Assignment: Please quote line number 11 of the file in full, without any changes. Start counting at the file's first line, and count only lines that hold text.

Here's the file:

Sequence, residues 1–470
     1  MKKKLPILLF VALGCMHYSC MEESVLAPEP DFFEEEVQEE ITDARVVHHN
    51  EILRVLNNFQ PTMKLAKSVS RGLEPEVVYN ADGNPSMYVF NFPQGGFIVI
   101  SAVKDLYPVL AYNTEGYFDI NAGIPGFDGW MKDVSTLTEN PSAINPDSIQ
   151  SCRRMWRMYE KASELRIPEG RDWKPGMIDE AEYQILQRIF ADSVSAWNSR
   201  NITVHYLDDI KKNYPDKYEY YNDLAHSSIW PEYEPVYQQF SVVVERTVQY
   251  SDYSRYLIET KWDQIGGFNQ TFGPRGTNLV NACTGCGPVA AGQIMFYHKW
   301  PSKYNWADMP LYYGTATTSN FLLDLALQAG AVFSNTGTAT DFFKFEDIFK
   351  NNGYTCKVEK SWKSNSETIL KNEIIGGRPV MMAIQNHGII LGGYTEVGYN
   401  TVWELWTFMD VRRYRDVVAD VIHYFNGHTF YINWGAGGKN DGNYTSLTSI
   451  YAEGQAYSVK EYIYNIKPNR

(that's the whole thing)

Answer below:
   451  YAEGQAYSVK EYIYNIKPNR